Poinsettias (Euphorbia pulcherrima, USDA zones 9 to 11), natives of Mexico, are found everywhere during the holidays, adding to the festivities with their bright red, pink, yellow, cream or bicolor bracts. While the poinsettia is actually a deciduous shrub that can grow up to 12 feet tall and 8 feet wide in warm climates, it needs regular watering and bright light to thrive when the holidays are over. A poinsettia plant can be identified by observing:
- Colorful bracts surrounding tiny yellow flowers.
- Large oblong green leaves with pointed tips, may have shallow, blunt teeth on the edges.
- Leaf stems may be reddish or green.
- Latex-like white sap oozing from cut or broken stems.
- Woody main stem or trunk.
The holiday cacti (Schlumbergera spp., USDA zones 10 to12) produce white, yellow, pink, magenta or bi-color flowers. These tropical epiphyte cacti produce flower buds when provided 13 hours of complete darkness every night for approximately three months before the holidays. Keeping night temperatures between 45 and 55°F also results in flower bud formation. To identify these plants, look for these characteristics:
- Thick and flat stem segments growing in “chains” instead of leaves.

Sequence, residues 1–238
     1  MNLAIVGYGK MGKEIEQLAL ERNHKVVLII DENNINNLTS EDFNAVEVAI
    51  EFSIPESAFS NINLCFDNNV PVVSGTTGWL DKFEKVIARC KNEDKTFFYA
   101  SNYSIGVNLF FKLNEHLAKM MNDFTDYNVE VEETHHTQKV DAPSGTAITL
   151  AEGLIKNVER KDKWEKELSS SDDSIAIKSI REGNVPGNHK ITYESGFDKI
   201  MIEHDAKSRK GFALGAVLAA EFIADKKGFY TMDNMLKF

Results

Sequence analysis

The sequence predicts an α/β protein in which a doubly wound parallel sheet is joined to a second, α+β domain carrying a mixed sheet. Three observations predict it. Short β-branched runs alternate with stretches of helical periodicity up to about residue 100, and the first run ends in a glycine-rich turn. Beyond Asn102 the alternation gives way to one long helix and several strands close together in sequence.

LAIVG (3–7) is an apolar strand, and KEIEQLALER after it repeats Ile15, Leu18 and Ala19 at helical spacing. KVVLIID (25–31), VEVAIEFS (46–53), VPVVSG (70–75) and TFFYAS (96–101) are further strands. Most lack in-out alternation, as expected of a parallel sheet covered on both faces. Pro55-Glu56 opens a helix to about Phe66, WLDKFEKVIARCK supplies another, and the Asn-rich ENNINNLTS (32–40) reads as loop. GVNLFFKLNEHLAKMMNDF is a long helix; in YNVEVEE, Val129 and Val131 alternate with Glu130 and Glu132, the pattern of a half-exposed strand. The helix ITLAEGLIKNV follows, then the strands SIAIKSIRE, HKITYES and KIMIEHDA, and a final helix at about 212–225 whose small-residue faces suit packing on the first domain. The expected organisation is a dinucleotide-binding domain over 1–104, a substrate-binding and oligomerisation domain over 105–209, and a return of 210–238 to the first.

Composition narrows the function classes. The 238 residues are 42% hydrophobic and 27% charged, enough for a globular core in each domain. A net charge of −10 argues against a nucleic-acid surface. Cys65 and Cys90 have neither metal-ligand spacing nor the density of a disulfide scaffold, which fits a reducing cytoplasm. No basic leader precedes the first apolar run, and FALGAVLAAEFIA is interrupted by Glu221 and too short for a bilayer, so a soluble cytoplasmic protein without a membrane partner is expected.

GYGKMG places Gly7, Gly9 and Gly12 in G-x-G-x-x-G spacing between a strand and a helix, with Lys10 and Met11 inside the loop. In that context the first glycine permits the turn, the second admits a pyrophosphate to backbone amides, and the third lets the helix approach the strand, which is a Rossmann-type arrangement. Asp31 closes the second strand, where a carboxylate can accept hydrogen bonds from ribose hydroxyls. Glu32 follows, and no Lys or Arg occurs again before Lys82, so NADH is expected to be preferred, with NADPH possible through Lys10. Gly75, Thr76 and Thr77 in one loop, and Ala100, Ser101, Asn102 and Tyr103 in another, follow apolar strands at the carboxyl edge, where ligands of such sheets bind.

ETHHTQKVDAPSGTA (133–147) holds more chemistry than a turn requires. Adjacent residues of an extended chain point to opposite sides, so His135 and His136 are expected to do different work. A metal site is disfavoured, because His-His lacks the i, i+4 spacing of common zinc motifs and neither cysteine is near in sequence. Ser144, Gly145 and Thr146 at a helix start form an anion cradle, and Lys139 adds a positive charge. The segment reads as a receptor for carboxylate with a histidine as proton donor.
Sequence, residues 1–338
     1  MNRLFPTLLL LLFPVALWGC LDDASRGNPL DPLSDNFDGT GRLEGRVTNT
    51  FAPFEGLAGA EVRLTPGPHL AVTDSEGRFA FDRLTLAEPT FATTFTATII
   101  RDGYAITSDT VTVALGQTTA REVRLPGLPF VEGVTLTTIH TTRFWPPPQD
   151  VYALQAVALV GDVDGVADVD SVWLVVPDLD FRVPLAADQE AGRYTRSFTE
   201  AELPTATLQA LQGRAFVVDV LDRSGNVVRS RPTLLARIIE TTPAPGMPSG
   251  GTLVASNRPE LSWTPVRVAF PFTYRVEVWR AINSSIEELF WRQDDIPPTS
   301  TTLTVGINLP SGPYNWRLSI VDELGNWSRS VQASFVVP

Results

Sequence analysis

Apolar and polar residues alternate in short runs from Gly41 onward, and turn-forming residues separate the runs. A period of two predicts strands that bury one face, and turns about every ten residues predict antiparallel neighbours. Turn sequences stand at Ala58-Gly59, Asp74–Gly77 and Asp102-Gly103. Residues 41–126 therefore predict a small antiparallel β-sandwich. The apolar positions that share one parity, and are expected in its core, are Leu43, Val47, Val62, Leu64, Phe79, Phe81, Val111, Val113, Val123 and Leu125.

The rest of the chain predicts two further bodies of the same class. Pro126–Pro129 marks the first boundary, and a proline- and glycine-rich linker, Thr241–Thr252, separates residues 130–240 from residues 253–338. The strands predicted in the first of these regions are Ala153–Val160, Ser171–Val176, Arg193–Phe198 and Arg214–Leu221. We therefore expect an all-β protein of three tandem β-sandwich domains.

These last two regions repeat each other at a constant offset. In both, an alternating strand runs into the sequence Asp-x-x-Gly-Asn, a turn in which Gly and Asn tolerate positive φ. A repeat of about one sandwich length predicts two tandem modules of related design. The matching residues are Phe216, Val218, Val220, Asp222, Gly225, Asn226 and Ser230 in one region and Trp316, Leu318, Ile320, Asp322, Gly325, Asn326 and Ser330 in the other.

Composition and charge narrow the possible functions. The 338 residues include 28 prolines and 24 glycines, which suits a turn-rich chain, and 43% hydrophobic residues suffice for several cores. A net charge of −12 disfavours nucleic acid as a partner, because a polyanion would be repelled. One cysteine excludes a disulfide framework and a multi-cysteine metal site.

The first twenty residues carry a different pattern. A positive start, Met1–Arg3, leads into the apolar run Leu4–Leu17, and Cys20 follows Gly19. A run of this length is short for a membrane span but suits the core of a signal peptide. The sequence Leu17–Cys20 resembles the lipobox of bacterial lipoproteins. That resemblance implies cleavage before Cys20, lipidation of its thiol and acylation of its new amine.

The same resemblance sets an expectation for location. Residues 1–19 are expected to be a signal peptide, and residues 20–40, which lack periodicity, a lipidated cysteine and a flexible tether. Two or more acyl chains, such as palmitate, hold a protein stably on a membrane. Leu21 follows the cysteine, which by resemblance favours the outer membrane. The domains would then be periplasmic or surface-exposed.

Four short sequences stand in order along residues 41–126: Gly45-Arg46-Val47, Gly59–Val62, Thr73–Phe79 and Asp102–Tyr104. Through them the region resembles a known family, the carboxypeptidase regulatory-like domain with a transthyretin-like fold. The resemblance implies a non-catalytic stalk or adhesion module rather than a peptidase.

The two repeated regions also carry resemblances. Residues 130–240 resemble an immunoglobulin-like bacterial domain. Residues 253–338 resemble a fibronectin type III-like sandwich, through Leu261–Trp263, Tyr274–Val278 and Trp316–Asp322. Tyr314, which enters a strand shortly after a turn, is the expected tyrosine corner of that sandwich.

- Segment edges may be smoothly indented (Christmas cactus, Schlumbergera x buckleyi or S. bridgesii), sharply toothed (Thanksgiving cactus, S. truncata) or subtly rounded with tiny hairs between the segments (Easter cactus, S. gaertneri).
- Each segment may grow up to 2 1/2 inches long and 3/4 inch wide.
- Orchid-like flowers that appear at the end of segment chains.
Succulents and Cacti
Succulents and cacti are often difficult to definitively identify, but there are a few species that family and friends share with anyone who’d like a cutting. Jade plants (Crassula ovata, USDA zones 10 to 12) are relatively low-maintenance plants and drought tolerant, but prefer regular watering without overwatering. To identify a jade plant, look for these characteristics:
- Thick oval or oblong shiny green leaves, 1 to 3 inches long and 3/4 to 1 1/2 inches wide with smooth and sometimes reddish edges.
- Multiple sunken stomata, or pores, on the leaves.
- Thick, gnarled trunk and branches with peeling bark on mature plants.
- White flowers with four to five narrow petals on reddish stems.